Information about dentists who took the impressions was taken from technicians. This information helps to relate errors present to the dentist’s gender and years of experience. There was no attempt to know the dentist name. This information was kept strictly confidential and used for the purpose of scientific research only. The dentists’ years of experience were categorized to two categories (≤ 10 years) and (> 10 years) and the dentist gender was categorized to male and female. Working location either private or government clinic was also recorded.

The analysis of the data was performed using SPSS 21.0 for Windows (SPSS Inc., Chicago, IL, USA). Descriptive analysis and frequency tables were used to present data. A chi-square and Fisher exact tests were conducted to examine the association between categorical variables and outcomes.

Results

The total of error considering not immediately pouring as an error. Of the 165 impressions evaluated, 105 (63.6%) were maxillary impressions and 60 (36.4%) were mandibular impressions. Plastic stock trays were 152 (92.1%) and the metal stock tray was 13 (7.9%). Full arch trays were 164 (99.4%). The distribution of impression materials was 84 (50.9%) alginate, 47 (28.5%) condensation silicone and 34 (20.6%) addition silicone. Of the 165 impressions, 65 (39.4%) contained four or more prepared abutments, 45 (27.3%) contained two prepared abutments, 38 (23%) contained 1 abutment and 17 (10.3%) contained three abutments.

165 impressions are included in the study from 165 dentists, 112 (67.9%) was male, 53 (32%) was female, proportion of male to female was 2.11: 1.

According to experience years, 128 (77.6%) had ≤ 10 years and 37 (22.4%) had more than 10-year experience.

Most of the impressions evaluated (N = 125) were mainly from two dental laboratories because of the abundance of impressions in these laboratories and lack of impressions in the other two laboratories.

The total error of impressions was (97%) considering not immediately pouring as an error. The most common error in finish line was bubbles (69.1%), followed by voids (43.6%). In general, (92.1%) of impressions had errors in the finish line as exhibited in Table 1 and Fig. 1. Of the impressions evaluated, (53.9%) had errors in the preparation area. Bubble (34.5%) were the most common errors (Table 1). There was a significant association in finish line errors and errors in the preparation area in alginate’s compared with silicone impressions (p < 0.05) as represented in Table 2.

Table 1 Errors of impressions
Fig. 1
figure1

Examples of the errors that found in study sample; a Finish line errors; tissue over finish line, b Finish line errors; tears in finish line, c Errors in preparation area; voids, d Errors in silicone impression technique; lack of wash materials in finish line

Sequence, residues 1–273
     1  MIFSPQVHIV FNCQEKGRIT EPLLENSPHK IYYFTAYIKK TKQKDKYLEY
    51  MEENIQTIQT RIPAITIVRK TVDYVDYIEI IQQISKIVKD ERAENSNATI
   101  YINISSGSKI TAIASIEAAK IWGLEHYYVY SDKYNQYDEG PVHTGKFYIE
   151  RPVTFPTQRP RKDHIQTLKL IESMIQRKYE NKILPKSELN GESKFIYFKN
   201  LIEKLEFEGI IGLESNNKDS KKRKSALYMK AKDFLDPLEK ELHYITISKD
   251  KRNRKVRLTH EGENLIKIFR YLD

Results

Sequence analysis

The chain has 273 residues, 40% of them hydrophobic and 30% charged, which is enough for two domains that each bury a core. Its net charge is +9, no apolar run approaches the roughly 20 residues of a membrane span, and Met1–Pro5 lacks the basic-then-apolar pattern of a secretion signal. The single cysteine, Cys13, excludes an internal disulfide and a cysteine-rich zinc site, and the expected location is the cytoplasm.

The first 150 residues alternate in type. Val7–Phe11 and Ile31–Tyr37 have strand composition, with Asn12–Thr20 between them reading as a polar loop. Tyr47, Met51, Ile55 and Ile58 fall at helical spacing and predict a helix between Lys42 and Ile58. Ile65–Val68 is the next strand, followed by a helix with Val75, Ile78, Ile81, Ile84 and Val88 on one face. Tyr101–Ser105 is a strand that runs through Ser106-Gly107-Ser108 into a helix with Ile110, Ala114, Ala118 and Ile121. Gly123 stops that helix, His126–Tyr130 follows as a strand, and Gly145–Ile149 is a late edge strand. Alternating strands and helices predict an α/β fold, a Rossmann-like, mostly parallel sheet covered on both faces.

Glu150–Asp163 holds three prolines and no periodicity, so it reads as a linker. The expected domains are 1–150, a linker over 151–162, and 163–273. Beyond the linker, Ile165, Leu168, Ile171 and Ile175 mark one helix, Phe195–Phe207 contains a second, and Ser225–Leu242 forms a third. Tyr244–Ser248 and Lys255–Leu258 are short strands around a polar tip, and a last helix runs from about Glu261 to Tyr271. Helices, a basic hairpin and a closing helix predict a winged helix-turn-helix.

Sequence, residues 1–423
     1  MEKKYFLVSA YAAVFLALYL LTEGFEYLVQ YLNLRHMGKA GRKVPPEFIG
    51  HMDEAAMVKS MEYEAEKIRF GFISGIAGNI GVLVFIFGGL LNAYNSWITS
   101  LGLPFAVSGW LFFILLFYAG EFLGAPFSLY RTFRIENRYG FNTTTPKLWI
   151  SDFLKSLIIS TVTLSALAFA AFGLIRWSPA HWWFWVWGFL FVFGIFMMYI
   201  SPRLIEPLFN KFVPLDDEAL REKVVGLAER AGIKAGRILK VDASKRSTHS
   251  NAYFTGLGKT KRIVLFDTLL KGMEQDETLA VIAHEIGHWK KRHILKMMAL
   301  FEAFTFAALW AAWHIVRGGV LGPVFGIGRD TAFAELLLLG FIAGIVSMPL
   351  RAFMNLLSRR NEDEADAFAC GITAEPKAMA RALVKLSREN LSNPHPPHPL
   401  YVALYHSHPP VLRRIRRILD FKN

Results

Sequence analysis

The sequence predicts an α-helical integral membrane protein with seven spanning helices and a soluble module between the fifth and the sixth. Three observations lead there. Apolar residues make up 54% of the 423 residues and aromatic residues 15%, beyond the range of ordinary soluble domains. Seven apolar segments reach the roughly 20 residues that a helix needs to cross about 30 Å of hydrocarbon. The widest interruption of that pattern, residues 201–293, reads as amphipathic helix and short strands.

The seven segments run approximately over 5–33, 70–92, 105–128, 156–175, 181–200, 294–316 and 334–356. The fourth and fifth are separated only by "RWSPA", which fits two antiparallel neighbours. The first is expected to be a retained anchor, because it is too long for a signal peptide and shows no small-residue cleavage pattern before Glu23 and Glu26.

Table 2 Association between the type of errors and types of impression material

Of 81 elastomeric impression materials, 65 (80.2%) was a double step and 16 (19.8%) was a single-step technique. All of the elastomeric impression 81 was putty wash technique. Of 81 elastomeric impression materials, errors in impressions technique were 59 (72.8%). The most common error was heavy-bodied materials exposure through wash material (69.1%) as shown in Table 3.

Table 3 Errors of silicone impression technique

Considering errors in the silicone impression technique, there was a significant association of errors among females compared to males (p < 0.05). There was an increased percentage of errors in silicone impression technique among dentists with experience years ≤ 10 years with a significant difference (p < 0.05). Lack of wash materials in finish line area and Heavy bodied materials exposure through wash material were more in dentist with experience years > 10 years with significance difference too (p < 0.05) as shown in Additional file 1: Table S1.

This study presented that there was non-significant association between errors in the finishing line and in the preparation area and dentist’s gender or years of experience (p > 0.05) as shown in Additional files 2, 3: Tables S2 and S3.

Discussion

This study was the first in Yemen to evaluate the quality of fixed prosthesis impressions and to determine the factors that affect errors present in impressions. It is very important for dentists to self-evaluate the impressions after taking them as a fundamental step for the clinical success of fixed prosthesis. In this study, the impressions were evaluated according to these criteria: errors in finish line errors, retention of material to tray, errors in the preparation area, gingival retraction, errors in silicone impression technique, blood in impression and retention of material to the tray.

This study showed that 97% of impressions received by the dental laboratories had at least one detectable error which is in agreement with previous studies [14,15,16,17].

Marginal detail is the most critical aspect of the impression. Failure to record the appropriate details of the finish line of the preparation will result in incorrect prosthetic fit. The errors in the finish line were considered critical errors. In this study 152 out of 165 (92.1%) impressions were had at least one visible error in the finish line. This finding was higher than Rau's study in which the finish line area had at least one visible error in 55% of the evaluated impressions [17].